He expects the company to have close to 2 million acres of leasehold in the Mississippian by the end of the year, with an eye toward lining up another decade's worth of drilling opportunities.
“That means a very aggressive drilling schedule,” Ward said. “We'll have 45 rigs working in the Mississippian play in Oklahoma and Kansas in the next two years. Today we have 18. That's why you have very low unemployment in Oklahoma.”
Ward also said SandRidge will continue to focus on conventional plays like the Permian where drilling costs are lower because of the surplus of equipment available.
“I believe it's the most inexpensive play to drill in the United States that has scale,” Ward said.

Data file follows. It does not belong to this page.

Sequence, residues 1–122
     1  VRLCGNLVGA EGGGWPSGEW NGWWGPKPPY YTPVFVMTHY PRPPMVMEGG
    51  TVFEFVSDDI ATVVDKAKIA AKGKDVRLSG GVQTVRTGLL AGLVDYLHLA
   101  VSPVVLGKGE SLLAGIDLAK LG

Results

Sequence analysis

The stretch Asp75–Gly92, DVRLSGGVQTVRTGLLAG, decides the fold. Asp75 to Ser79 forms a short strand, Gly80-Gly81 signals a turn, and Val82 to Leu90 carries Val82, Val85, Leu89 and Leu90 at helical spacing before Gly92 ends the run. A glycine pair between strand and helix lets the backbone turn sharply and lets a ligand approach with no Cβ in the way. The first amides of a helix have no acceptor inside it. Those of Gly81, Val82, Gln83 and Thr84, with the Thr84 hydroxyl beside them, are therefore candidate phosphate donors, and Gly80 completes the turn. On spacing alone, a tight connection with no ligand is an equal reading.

About the same time SandRidge decided to turn its business model upside down, the company moved its base of operations to downtown Oklahoma City.
SandRidge has resided in downtown Oklahoma City since Ward swung a deal with former partner Aubrey McClendon to acquire the Kerr-McGee tower in July 2007.
Now the company is in the midst of a dramatic renovation plan that calls for construction of one new building at 120 Robert S. Kerr Ave. and replacement of six remaining structures with landscaped plazas.
The development dubbed “SandRidge Commons” is expected to add usable open space to downtown through the replacement of old blighted buildings while providing room for SandRidge's growing workforce.